Theme: All Alone
From this psalm we learn how to approach God for mercy, knowing that he hears us and will answer our prayers to his glory.
Scripture: Psalm 38:1-22
Psychiatrists tell us that people do not like to be around those who are suffering because they imagine themselves being in the same condition and do not like to think along those lines. So they stay away. This is probably true and undoubtedly also explains why people make cruel jokes about retarded people, the handicapped and others who have suffered physical misfortunes. But even if people don’t go to that extreme, they usually prefer the company of those who are prospering and having a good time. This is what David experienced. This section of the psalm describes his sense of isolation (vv. 10-14).
I do not think it is necessary to elaborate on the attitude of David’s friends, companions, neighbors and enemies, each of which is described in turn. The neglect of the former and the taunts of the latter left David speechless. He could not defend himself. Who can? All he could do was leave his case with God. What I do need to say is that the sense of isolation and alienation experienced by those who are seriously sick should encourage Christians to behave toward them in exactly the opposite way. Instead of avoiding those who are suffering, we should go to them—help them, serve them, comfort them. And Christians do. In fact, this is the one mark distinguishing the sheep from the goats, according to Jesus’ parable in Matthew 25. Among other things, the sheep looked after the sick and were rewarded for it.
Here is a point of application. If even King David, with all his many friends and courtiers, felt abandoned in his sickness, certainly you and I know people who feel the same way, perhaps someone in a nursing home or hospital or recovering at home from an illness. Make it a point to visit that person and do so on a regular basis, daily or weekly. If you do, you will have a reward both here and in heaven.
The third time David looks up from his state of physical and emotional suffering he tells the Lord that he will wait patiently for the answer to his prayer for deliverance: “I wait for you, O LORD; you will answer, O Lord my God” (v. 15). It is usually impossible to say why one psalm follows another in the psalter, but in this case verse 15 may be the reason why Psalm 38 follows Psalm 37. The whole message of Psalm 37 was to trust God and wait for his deliverance, even though the wicked seem to prosper for a time. In Psalm 37 “wait for the LORD” is advised (cf. v. 34). In Psalm 38 waiting is practiced, and by the very person who gave the advice in Psalm 37.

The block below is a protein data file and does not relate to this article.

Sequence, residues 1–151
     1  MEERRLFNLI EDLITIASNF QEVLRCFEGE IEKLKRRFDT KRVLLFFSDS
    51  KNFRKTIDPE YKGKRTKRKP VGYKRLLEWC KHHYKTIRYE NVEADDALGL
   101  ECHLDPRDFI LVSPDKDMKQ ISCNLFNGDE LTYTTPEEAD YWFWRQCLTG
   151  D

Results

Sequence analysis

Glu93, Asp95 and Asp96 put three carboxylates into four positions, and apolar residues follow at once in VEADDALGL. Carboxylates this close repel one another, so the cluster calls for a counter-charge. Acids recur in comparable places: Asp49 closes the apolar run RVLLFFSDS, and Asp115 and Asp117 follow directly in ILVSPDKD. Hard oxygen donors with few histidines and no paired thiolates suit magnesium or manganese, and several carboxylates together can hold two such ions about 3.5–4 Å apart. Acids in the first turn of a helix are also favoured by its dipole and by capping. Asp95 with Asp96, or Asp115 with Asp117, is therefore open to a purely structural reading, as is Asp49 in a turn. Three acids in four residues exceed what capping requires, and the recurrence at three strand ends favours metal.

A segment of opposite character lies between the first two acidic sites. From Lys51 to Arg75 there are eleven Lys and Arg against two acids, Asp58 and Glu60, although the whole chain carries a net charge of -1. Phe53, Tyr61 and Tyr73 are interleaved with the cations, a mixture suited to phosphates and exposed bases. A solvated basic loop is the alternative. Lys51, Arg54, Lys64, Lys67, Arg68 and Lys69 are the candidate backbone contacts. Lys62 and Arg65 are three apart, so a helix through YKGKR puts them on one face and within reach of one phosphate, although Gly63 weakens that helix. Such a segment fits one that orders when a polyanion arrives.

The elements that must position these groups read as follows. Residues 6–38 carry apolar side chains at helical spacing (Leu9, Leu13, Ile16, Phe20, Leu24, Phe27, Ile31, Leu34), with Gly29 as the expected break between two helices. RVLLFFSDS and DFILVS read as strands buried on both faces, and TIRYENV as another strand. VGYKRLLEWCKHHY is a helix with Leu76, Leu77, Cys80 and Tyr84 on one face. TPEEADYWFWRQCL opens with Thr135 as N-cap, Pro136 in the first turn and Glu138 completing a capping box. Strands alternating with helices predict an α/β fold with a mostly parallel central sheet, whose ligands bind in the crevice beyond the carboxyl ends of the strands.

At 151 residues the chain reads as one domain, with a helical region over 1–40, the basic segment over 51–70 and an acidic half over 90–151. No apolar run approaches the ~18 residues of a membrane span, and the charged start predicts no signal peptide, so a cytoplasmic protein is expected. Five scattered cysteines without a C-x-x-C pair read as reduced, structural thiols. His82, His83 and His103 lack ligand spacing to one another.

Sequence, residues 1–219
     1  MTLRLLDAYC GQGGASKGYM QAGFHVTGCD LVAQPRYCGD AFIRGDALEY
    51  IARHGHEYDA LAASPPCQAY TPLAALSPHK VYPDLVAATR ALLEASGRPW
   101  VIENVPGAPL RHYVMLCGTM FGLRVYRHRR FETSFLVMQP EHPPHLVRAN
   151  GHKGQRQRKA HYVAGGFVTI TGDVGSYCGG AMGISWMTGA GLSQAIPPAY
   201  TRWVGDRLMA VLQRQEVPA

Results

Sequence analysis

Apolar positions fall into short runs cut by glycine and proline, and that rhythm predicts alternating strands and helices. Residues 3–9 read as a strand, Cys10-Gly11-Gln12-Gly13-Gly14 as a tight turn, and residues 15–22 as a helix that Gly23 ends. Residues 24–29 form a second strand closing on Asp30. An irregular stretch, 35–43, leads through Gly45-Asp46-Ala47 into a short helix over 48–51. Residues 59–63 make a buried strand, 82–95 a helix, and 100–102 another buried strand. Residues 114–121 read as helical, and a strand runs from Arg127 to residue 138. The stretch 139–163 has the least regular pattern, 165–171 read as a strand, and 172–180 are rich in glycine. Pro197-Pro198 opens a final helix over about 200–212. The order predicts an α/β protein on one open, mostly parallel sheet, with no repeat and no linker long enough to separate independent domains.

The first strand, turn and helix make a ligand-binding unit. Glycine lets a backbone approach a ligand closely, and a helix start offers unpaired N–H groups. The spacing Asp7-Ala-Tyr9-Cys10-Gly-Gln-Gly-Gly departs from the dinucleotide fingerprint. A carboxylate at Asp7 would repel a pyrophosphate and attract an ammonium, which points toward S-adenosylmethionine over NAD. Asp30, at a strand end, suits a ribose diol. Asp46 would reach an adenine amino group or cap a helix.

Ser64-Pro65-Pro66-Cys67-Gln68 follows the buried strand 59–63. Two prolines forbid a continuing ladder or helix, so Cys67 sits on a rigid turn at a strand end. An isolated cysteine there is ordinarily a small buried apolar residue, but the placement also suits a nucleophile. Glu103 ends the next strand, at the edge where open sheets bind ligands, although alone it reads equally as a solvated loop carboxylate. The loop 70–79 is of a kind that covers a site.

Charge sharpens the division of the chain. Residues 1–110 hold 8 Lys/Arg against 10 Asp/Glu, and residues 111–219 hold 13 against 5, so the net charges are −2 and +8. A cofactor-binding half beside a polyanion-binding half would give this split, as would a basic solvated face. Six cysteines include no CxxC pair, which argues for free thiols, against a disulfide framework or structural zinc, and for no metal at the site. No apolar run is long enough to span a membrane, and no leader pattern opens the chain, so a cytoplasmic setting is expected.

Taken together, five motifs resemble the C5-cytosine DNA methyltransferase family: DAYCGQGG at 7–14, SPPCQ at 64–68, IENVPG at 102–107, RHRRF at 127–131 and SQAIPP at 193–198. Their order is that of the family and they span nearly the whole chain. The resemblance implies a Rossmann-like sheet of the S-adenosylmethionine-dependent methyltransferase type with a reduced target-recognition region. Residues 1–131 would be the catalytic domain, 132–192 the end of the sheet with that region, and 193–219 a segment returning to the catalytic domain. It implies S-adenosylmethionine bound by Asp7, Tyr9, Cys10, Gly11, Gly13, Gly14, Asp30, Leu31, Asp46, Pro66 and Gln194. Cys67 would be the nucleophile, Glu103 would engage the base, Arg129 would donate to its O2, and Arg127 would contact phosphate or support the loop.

Waiting is hard to do, especially for us. We live in an impatient age. Someone has said that a hundred years ago, if someone was taking a trip and missed the stagecoach, well, that was all right. He’d get the stagecoach next month. Today we get impatient if we miss one turn of the revolving door.
We can learn what it is to wait upon God from David, for David was a master and model of waiting. When Samuel first approached him, when he was just a youth, he was told that he would be the king of Israel. Yet this did not happen for several decades, and during many of those years David was a fugitive hunted by his enemy King Saul. Even after Saul’s death in battle against the Philistines, David remained a king in Hebron for seven years before being asked to rule over the entire nation. And even later, when his son Absalom revolted against him, David was content to wait for God to rescue him and vindicate his cause. Derek Kidner says, “His fugitive years, his Hebron period and his attitude to Absalom’s revolt, all proved the sincerity of his prayer in 15f., and of his advice in Psalm 37.”4
David was not utterly inactive, of course. He was praying—and composing his prayers, which is why we have Psalms 6 and 38. But the very fact that he was praying meant that he was leaving the outcome of his sickness and trial with God.
Why do people often feel uncomfortable around others who are suffering in some way?
Read vv. 10-14. Have you experienced what David describes?
While waiting on God, what did David do? What can we learn from him?
Application: Do you know anyone who might feel a sense of isolation now? What will you do to reach out to them?
4Derek Kidner, Psalms 1-72: An Introduction and Commentary on Books I and II of the Psalms (Leicester, England, and Downers Grove, IL: Intervarsity, 1973), p. 155.